The new roundabout’s construction will begin this summer, and the closing of the intersection isn’t scheduled until after the SEMO District Fair in September. Once closed, the contractor has a maximum of 60 days to reopen the road.

The roundabout on Independence will be one lane, as opposed to the two-lane roundabout on Lexington (pictured).
The roundabout on Independence will be one lane, as opposed to the two-lane roundabout on Lexington (pictured).

When the City installed the roundabout on Lexington the project was able to be completed in halves, meaning that the road didn’t have to be closed. That is not the case with the new Independence roundabout.
“This roundabout is different,” said City Engineer Casey Brunke. “As you’re coming from the Kingshighway/K-Mart area, we have to raise that section of the street by approximately five feet, so we can’t keep it open.”
The road must be raised in order to create a flatter section of driving space able to accommodate the roundabout’s size and gain necessary sight distance.
Brunke added that there is work that can be done without closing the road, including the new driveway for the First Church of the Nazarene.
The single-lane roundabout will have a 63-foot center island that will be filled with landscaping rock, allowing for vegetative landscaping or public art possibilities in the future. The roundabout will be made of concrete, with a darker-colored concrete being used for the interior and exterior truck aprons that allow for smoother passage of semi-trucks and emergency vehicles.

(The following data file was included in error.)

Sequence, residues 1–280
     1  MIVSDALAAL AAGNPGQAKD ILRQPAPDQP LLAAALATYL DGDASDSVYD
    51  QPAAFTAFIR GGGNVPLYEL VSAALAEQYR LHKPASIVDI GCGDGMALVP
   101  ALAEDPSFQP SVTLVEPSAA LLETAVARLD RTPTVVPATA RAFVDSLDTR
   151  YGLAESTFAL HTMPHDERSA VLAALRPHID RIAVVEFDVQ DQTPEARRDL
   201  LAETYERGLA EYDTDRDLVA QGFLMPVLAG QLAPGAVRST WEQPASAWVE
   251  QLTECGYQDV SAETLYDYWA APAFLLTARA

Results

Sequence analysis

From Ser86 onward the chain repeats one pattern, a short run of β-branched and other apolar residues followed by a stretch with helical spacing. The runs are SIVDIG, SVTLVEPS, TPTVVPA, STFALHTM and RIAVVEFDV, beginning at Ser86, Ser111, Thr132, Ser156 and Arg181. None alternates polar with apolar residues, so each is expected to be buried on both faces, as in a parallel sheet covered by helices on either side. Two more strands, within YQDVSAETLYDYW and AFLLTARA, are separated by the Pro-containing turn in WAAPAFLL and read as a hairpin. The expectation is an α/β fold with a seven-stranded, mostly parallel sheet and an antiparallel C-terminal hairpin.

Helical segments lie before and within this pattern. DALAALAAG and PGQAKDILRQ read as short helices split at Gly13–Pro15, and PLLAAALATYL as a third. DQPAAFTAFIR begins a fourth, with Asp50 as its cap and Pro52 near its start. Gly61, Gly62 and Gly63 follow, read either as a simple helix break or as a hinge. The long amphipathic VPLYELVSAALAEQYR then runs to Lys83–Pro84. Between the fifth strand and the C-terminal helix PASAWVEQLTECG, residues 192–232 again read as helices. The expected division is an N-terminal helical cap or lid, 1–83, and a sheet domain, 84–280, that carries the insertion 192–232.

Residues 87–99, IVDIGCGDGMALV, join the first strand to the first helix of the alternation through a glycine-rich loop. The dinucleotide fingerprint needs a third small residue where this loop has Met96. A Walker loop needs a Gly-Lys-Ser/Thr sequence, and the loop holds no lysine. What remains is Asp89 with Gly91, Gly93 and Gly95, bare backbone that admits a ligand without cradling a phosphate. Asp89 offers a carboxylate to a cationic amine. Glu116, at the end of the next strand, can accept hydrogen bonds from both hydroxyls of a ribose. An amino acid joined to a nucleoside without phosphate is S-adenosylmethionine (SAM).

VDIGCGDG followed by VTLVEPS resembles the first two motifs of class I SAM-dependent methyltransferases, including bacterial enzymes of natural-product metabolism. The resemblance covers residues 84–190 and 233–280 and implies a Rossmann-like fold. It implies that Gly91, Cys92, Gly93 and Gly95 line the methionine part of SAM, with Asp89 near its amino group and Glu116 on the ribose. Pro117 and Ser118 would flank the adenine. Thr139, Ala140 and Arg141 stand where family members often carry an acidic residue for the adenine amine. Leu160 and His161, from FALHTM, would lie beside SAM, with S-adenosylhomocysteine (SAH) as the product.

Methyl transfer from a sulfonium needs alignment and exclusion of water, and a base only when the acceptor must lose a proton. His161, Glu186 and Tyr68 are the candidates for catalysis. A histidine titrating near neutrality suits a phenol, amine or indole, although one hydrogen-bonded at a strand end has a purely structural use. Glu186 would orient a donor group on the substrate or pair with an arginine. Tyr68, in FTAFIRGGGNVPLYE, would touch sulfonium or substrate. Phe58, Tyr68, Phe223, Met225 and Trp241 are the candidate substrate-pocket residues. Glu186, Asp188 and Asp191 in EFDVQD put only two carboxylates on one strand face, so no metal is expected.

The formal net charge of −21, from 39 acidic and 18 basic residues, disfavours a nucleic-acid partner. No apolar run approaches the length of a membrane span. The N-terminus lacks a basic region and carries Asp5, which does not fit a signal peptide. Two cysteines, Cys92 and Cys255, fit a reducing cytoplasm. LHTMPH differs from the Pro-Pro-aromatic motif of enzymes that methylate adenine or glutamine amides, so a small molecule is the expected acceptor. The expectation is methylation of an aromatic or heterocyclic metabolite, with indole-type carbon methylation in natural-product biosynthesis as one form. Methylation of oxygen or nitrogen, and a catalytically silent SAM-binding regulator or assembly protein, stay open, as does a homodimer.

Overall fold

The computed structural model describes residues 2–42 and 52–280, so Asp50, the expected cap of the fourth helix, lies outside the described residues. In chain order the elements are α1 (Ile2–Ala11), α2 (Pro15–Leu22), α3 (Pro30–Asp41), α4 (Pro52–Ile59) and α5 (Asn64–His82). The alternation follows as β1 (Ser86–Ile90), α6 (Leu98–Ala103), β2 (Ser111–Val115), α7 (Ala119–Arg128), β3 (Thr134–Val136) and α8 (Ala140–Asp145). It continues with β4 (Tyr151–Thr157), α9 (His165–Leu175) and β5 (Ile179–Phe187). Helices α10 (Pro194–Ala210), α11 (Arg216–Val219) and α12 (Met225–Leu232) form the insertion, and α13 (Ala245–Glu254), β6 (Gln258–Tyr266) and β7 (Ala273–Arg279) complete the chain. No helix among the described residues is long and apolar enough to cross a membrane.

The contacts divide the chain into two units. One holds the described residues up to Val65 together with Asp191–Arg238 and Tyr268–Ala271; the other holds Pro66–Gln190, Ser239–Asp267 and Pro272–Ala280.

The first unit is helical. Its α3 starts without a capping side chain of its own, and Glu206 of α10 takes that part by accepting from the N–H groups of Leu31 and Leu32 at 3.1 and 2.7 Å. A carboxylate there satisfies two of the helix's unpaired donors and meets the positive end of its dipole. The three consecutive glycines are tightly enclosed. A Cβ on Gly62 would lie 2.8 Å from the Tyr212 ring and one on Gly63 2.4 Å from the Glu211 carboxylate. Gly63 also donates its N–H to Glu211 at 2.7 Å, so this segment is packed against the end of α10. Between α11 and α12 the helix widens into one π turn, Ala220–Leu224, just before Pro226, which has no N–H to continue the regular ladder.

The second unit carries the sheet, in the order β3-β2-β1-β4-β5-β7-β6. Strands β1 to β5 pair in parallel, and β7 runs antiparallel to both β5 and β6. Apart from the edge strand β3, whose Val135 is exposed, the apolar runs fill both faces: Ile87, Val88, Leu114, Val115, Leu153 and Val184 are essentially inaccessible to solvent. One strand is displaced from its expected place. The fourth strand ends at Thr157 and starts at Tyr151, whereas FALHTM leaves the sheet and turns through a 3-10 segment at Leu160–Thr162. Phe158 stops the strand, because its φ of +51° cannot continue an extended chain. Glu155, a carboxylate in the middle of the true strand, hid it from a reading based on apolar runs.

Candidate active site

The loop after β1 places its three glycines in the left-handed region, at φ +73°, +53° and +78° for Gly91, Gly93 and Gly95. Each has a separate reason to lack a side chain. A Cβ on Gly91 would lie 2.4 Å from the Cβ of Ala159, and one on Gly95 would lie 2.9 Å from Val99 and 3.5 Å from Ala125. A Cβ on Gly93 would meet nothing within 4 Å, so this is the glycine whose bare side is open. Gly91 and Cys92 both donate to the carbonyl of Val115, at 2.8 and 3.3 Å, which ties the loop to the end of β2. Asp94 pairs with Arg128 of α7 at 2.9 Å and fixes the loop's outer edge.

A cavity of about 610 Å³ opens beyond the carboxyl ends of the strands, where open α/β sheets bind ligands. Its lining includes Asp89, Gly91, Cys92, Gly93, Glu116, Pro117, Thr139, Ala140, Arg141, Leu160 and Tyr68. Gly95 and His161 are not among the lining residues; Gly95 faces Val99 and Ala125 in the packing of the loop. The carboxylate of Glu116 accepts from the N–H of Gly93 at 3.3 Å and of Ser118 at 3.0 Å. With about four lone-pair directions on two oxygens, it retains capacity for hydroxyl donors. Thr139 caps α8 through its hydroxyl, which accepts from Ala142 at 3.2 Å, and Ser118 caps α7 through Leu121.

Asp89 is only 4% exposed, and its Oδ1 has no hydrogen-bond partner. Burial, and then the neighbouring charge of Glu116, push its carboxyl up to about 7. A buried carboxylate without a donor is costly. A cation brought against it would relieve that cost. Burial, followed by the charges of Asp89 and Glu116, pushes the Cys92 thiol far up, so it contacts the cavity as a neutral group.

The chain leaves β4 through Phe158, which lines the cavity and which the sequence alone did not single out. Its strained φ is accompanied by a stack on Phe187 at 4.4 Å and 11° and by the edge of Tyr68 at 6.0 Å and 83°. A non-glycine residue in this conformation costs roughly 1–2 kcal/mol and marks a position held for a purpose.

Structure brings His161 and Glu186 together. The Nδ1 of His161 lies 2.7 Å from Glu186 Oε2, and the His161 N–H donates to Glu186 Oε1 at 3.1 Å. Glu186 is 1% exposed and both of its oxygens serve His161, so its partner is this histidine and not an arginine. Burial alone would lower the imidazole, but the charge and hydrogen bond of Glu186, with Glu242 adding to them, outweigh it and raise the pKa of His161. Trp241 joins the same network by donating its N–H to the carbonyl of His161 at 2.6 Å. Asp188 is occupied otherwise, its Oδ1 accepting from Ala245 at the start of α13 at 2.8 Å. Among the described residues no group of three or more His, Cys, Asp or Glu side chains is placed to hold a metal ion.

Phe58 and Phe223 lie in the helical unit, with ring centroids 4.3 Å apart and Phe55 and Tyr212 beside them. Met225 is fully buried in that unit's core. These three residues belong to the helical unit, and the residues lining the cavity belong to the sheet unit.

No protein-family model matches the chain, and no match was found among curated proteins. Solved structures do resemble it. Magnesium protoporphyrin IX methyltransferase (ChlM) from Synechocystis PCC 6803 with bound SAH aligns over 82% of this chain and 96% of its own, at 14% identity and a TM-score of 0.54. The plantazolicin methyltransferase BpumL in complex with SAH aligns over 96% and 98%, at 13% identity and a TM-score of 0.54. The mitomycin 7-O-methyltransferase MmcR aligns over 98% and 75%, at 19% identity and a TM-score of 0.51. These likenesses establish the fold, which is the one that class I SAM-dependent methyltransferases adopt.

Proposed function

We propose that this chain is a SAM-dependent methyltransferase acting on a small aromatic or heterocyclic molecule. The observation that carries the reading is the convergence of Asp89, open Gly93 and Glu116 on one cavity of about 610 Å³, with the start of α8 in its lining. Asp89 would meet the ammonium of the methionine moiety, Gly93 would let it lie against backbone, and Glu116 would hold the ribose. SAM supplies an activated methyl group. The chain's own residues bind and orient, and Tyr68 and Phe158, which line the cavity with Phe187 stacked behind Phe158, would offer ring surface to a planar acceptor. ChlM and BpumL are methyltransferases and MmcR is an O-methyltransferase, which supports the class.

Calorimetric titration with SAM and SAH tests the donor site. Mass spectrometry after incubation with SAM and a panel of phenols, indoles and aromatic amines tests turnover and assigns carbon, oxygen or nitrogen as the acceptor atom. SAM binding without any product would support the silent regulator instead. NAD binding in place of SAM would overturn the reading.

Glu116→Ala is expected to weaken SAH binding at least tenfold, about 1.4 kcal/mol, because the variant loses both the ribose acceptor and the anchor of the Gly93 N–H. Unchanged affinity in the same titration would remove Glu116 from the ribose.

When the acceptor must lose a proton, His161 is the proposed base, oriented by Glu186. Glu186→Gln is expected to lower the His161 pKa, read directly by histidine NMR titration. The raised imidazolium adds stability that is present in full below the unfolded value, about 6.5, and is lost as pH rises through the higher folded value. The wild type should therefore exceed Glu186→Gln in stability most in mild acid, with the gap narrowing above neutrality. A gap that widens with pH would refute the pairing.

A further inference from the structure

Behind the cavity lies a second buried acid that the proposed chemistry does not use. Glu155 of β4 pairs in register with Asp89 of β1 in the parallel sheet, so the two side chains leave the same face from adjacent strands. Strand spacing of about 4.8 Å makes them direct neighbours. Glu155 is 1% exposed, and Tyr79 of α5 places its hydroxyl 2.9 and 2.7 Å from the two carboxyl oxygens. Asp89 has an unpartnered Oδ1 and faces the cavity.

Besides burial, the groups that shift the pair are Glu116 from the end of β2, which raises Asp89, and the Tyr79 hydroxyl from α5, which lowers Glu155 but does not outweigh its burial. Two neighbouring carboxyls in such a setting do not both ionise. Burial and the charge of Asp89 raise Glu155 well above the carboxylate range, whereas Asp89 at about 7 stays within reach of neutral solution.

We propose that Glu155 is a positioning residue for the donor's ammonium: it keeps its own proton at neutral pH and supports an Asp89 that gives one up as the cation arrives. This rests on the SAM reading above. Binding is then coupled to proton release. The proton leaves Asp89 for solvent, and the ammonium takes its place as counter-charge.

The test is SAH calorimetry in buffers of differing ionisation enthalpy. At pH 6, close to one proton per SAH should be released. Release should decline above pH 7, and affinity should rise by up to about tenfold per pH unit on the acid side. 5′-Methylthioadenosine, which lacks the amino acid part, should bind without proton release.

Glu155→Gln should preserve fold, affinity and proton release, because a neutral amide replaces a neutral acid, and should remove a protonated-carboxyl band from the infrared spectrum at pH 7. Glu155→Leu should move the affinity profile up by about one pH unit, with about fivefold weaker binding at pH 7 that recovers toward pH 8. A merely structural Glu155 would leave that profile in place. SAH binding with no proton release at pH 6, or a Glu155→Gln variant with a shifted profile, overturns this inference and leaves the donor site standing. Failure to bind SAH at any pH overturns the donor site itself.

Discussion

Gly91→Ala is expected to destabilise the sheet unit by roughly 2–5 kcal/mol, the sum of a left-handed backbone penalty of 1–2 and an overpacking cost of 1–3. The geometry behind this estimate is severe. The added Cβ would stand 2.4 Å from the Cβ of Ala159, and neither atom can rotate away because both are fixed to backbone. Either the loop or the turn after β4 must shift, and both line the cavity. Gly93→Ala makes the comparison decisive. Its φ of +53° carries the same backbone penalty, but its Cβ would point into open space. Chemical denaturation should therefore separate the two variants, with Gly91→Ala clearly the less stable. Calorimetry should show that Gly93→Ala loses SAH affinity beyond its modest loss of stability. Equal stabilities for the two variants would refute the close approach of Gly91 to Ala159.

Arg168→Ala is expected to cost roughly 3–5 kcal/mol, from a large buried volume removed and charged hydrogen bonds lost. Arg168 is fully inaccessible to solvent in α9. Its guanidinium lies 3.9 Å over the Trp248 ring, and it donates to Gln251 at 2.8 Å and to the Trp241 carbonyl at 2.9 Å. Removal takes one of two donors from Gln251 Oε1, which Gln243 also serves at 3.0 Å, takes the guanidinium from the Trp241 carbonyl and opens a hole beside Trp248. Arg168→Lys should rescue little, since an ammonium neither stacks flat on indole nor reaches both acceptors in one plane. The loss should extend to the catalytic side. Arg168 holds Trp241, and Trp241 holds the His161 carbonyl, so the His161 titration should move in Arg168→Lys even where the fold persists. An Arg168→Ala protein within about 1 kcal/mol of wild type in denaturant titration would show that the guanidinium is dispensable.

A project to improve traffic flow on Independence Street between East Rodney Drive and Caruthers Street will be completed under TTF-5, and the improvements will work with roundabout to improve the functionality of the road.
Not sold on the new roundabout? Here are more roundabout fun facts:

  • According to Sergeant Kevin Orr of the Cape Girardeau Police Department, since the installation of the roundabout on Lexington Avenue and Route W/Kingsway in 2013, the overall number of accidents has stayed roughly the same, but accident severity has decreased. Since roundabouts force drivers to drive at slow speeds the severity of accidents is typically much lower than accidents that occur at stop lights, which allow for faster speeds. Most accidents in roundabouts occur due to a failure to yield upon entering.
  • A four-way intersection with a stop light has about 20 conflict points where accidents may occur, while a roundabout has only eight (Missouri Department of Transportation).
  • Roundabout installation has been found to reduce carbon monoxide emissions 15 to 45 percent and decrease vehicle delays 89 percent (Insurance Institute of Highway Safety).
  • Landscaping in the center island of a roundabout can improve the appearance of an area, break the glare of oncoming traffic, promote lower speeds, and discourage drivers from driving over and straight through an intersection (Federal Highway Association Department of Transportation.)